Drakensberg and surrounds face fracking threat too
Environment & Science Writer
WHILE proposed fracking for shale gas in the Karoo has drawn most of the local criticism of this controversial extraction method, there is an equally serious threat to the Drakensberg and surrounding mountainous areas in three provinces, conservationists are warning.
And a similar warning about the dangers of mining and oil-and-gas exploration and exploitation elsewhere in Africa has come from the International Union for Conservation of Nature (IUCN), which says one in four of the continent’s “iconic natural areas” are threatened by planned mining and oil-and-gas projects.
The IUCN, which advises the UN Educational, Scientific and Cultural Organisation (Unesco) on World Heritage Sites in the “natural site” category, recently expressed concern about the “rapidly increasing number of cases” where sites were threatened by such projects, although it acknowledged that some major players had agreed to not exploit these areas.
Barkly East conservationist Kate Nelson, who runs a local guest farm and adventure company, said that while many people knew of the active anti-fracking campaign being run in respect of shale gas prospecting applications there, few were aware that large parts of the Free State, Eastern Cape Highlands and KwaZulu-Natal were under a similar threat.
Prospecting permits had been granted to Anglo Coal and to a three-company consortium consisting of Sasol and foreign energy giants Statoil and Chesapeake Energy, covering an 88 000km2 tract of land right around Lesotho – including the central and southern Drakensberg regions of KwaZulu-Natal, the Eastern Free State and the Eastern Cape Highlands.
The consortium, granted a one-year technical co-operation permit in November last year, was involved in a desktop exploration study which did not involve any drilling at this stage, Nelson said.
“Nevertheless, it is a situation that local residents need to monitor closely.”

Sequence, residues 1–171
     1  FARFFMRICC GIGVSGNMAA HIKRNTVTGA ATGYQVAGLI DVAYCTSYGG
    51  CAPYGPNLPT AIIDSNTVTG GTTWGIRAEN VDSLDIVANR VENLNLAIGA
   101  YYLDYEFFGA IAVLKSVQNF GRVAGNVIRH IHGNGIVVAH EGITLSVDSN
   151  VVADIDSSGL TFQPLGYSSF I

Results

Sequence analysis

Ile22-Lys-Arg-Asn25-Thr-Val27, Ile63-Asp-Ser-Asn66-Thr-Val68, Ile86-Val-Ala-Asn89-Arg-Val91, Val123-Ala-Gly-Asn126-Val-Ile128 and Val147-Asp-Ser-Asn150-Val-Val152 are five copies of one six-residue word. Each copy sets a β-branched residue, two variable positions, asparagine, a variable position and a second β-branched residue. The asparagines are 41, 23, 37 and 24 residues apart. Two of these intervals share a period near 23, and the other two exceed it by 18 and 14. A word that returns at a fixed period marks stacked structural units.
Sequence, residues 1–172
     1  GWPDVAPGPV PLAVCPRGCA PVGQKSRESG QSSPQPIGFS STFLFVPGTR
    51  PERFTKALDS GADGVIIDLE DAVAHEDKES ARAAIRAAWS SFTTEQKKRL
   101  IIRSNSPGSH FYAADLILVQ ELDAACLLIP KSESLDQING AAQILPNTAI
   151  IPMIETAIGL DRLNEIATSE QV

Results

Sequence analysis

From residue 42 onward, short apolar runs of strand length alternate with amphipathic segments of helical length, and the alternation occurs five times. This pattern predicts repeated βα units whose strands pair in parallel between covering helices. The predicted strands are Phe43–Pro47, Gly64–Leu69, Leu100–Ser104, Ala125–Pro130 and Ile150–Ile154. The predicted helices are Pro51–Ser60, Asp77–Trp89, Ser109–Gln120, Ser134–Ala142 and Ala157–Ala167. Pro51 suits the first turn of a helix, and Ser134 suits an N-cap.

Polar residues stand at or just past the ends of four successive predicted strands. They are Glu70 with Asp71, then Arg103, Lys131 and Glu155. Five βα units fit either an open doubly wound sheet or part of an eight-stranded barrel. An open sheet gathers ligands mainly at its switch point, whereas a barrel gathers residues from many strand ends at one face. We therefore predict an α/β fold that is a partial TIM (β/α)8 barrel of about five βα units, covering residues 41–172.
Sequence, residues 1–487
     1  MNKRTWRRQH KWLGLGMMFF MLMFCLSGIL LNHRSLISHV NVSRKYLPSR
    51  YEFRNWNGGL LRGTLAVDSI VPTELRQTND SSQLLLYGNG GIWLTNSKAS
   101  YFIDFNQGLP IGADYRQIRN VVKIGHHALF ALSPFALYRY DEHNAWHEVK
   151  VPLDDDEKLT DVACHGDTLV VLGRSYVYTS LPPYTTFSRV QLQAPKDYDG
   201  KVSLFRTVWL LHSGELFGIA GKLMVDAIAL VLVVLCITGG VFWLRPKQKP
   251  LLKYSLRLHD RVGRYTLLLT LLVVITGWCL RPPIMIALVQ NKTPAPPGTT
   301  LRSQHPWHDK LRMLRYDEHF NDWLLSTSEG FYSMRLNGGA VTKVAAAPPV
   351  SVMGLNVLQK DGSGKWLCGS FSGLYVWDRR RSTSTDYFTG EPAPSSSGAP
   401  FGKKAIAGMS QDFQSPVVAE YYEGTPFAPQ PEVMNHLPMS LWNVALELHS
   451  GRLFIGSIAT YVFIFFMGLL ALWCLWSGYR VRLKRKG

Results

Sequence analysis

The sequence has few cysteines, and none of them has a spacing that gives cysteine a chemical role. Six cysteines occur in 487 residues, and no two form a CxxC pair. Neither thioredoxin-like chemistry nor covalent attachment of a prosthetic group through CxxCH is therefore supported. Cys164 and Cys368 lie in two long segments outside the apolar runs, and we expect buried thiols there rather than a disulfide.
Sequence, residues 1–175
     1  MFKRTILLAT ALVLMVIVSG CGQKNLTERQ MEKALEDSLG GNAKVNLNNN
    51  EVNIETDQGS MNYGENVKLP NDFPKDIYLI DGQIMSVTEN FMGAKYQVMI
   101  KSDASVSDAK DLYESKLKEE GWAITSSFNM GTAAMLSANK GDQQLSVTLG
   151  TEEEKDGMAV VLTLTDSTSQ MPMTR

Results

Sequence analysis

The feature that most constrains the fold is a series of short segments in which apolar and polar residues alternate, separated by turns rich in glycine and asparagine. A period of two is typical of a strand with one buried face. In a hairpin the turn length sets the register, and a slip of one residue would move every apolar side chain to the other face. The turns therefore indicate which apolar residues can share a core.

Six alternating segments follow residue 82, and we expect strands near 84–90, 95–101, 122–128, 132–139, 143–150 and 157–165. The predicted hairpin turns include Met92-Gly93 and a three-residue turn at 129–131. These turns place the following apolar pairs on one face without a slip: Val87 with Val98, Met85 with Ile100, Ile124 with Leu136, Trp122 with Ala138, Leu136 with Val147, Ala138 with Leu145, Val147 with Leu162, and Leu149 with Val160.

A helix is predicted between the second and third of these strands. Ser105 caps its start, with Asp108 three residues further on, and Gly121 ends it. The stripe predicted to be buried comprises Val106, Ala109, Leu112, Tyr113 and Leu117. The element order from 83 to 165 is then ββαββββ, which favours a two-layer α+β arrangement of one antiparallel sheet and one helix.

The exploration permits had been granted despite the Drakensberg being one of the country’s top tourist attractions and a proclaimed World Heritage Site.
The uKhahlamba-Drakensberg Park was added to the World Heritage List in November 2000, to help conserve both its natural scenic beauty and biodiversity, and its rich cultural heritage in the form of San rock art.
The Berg was also a highly productive agricultural area and a vital source of clean water for large parts of the country.
“The Drakensberg is South Africa’s major watershed, with tributaries supplying both the Atlantic and Indian Oceans. Any pollution of this region therefore has the potential to impact on very large parts of the country’s water supply,” Nelson said.
“The fact that the Berg does have water potentially makes it more attractive for fracking than the ‘Karoo Heartland’, and so it is potentially more viable for the oil-and-gas exploration companies.”
Nelson said local conservationists had raised their concerns with the IUCN because the Ukhahlamba-Drakensberg Park appears to be within the approved prospecting region. “We are eagerly awaiting their response.”
In June, Tim Badman, director of the IUCN’s World Heritage Programme, described these heritage sites as “exceptional places” covering less than 1 percent of the Earth’s surface.
“They have been included on the World Heritage List because they are of outstanding value to all of humanity. It’s the duty of every one of us to co-operate in their protection and conservation.
“That duty includes the extractive industry.”
He acknowledged that some energy companies like Shell and the financial services firm JP Morgan, as well as the International Council on Mining and Metals, which brings together many of the world’s major mining companies, had recognised the importance of conserving World Heritage Sites and had committed themselves to avoiding any activities that would damage them.